SCARGILL GOES INTERNATIONAL
Ronald Payne and Gary Busch
on a new alignment of miners dominated by the Eastern bloc
FOREIGN affairs may not loom amazingly high among the priorities of Roy Lynk, general secretary of the newly formed Union of Democratic Mineworkers, but his breakaway group has to face one tricky question in that field. It will have to decide Which international miners' organisation to Join. The obvious choice would be the venerable and social democratic organisa- tion, the Miners' International Federation, established 1890. But to do so will ensure that Mr Arthur Scargill brands the new unionists not only as national renegades, but as international schismatics.
Thwarted by failures at home, Mr Scar- gill has been busy undermining the Federa- tion and setting up a new left-wing interna- tional. He made a first determined attempt to dissolve the MIF two years ago at a meeting in Essen, West Germany, despite the fact that Peter Tait, an NUM official, was its general secretary. He was defeated by stiff resistance from the German min- ers, who were crushingly unenthusiastic about his plan to reconstitute it as an international body designed to unite mine- workers of the West with those of the Soviet Eastern bloc.
The NUM walked out anyway, forcing the organisation to move its headquarters from London to Belgium, where it has languished ever since, crippled by the loss of its biggest affiliate and the revenues it used to provide. Thanks to European efforts the Federation remains in being, and it is this body which the Nottingham men are likely to join, no doubt to the irritation of the Scargillites.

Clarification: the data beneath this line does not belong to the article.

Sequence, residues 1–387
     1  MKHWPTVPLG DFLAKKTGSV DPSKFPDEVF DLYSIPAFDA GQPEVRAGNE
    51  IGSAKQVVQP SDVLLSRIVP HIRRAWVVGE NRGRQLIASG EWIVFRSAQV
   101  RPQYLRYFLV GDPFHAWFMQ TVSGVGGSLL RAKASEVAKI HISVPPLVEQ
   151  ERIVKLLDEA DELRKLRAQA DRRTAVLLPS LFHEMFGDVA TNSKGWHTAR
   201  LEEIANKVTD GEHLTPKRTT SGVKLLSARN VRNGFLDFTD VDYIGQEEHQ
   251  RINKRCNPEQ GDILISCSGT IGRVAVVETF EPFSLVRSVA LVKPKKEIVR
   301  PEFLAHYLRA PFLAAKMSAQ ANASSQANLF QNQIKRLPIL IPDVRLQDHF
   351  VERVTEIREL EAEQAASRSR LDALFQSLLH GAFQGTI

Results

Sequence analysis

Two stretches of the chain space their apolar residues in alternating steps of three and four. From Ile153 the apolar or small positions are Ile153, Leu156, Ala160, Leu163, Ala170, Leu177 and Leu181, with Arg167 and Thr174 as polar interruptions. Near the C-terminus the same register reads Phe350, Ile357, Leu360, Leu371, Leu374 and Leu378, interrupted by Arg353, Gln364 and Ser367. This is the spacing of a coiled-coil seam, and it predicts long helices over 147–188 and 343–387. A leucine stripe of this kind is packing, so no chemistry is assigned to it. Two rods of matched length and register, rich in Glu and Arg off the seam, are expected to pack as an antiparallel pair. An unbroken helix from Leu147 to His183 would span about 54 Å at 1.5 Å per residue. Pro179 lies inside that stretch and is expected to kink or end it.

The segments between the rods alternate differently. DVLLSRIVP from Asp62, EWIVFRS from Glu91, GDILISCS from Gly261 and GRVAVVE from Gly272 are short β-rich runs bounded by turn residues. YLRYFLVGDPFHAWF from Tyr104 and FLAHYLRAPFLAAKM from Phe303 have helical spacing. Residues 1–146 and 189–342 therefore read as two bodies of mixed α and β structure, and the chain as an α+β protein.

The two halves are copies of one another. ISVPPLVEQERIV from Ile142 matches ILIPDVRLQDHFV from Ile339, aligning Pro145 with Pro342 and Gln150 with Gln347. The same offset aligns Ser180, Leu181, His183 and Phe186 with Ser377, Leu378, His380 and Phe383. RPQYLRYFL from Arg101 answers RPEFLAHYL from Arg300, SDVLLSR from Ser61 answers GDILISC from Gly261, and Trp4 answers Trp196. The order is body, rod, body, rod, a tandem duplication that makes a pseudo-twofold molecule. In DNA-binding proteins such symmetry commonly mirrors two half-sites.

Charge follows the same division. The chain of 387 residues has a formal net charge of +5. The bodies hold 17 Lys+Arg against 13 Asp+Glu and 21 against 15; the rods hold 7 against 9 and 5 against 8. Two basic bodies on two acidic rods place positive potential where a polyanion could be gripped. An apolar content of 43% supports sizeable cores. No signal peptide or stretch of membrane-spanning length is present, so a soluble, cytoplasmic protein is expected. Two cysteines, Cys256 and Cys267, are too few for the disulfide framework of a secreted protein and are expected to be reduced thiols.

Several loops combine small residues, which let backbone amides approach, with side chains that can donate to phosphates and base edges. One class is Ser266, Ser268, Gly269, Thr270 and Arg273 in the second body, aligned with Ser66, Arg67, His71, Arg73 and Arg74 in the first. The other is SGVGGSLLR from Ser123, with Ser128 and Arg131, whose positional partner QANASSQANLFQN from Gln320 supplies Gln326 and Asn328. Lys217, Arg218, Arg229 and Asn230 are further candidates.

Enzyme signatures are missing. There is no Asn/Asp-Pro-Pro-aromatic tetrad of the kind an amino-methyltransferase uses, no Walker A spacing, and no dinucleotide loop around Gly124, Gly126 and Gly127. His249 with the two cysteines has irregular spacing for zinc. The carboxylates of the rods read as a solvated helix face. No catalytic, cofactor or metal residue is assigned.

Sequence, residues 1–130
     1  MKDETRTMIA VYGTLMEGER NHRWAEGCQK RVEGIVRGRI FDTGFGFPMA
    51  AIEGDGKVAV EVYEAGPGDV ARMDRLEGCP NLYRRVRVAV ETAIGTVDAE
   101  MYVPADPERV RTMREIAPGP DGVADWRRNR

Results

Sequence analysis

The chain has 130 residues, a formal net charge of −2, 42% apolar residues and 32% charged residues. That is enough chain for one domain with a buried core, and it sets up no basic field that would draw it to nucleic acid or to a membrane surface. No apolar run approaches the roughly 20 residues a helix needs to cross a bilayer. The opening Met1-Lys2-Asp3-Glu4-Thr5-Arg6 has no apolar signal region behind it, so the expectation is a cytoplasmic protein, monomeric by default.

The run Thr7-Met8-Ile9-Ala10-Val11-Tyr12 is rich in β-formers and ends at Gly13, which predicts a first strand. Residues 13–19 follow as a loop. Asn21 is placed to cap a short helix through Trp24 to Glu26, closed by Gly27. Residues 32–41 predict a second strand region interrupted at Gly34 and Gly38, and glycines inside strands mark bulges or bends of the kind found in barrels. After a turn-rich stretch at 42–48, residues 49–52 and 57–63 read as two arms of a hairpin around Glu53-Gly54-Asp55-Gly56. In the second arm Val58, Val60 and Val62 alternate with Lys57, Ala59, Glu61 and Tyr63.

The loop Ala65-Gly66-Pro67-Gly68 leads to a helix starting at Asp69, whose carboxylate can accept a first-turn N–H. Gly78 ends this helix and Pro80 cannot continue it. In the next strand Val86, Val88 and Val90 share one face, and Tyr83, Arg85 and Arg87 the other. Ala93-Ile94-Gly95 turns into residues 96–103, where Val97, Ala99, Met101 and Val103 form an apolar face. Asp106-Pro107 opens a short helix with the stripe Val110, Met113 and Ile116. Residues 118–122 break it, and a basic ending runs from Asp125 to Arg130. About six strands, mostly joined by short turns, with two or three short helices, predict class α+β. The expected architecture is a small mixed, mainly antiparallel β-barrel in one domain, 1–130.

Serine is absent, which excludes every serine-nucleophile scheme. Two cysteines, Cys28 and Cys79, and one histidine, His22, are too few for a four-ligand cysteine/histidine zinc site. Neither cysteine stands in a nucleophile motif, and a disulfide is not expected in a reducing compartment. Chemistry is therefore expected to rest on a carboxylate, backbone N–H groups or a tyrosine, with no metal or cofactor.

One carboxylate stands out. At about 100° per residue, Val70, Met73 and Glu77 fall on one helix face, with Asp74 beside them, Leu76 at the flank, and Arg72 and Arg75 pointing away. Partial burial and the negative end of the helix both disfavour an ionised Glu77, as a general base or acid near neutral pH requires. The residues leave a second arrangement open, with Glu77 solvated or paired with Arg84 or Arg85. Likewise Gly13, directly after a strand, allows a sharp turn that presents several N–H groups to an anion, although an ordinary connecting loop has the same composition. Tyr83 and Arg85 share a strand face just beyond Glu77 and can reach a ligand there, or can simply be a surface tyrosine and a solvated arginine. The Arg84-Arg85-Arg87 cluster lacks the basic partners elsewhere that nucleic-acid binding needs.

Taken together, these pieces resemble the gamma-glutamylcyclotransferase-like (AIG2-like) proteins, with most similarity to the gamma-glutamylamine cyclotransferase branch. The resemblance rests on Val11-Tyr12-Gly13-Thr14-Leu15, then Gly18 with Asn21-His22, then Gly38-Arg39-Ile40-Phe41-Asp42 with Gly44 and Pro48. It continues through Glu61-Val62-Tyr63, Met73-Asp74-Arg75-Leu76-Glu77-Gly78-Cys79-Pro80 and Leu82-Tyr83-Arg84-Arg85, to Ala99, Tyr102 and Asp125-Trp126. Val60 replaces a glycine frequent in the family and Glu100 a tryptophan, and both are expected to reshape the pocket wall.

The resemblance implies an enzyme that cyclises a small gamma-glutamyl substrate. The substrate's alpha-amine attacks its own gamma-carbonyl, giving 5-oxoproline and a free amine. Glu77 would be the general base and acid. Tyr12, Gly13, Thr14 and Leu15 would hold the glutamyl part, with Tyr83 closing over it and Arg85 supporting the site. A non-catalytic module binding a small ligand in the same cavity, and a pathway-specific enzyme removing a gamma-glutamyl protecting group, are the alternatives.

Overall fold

Lately the plot has been thickening. Although the great leader from Yorkshire was temporarily inconvenienced by the tiresome matter of the prolonged strike and its sequels, this did not prevent him from proceeding with the ambitious new scheme he had in mind to build a curious bridge between communist East and capi- talist West.
The indefatigable traveller was often on the wing to Moscow, Budapest and such- like resorts for consultations with the Soviet sponsors of the new international of mineworkers he was determined to set up. Finally, at the end of September, he turned up in Paris to launch, and then become president of, a brand-new trade union multinational.
It is called the International Federation of Mining and Energy Workers, at least that was what it said on invitations sent out to the inaugural meeting. By the time this event actually took place at the Parisian headquarters of the French communist confederations of unions, the CGT, it was being referred to on shiny new banners as the International Mineworkers' Organisa- tion. The new body claimed to have a membership of 42 from all over the world, though the United States was notable by its absence.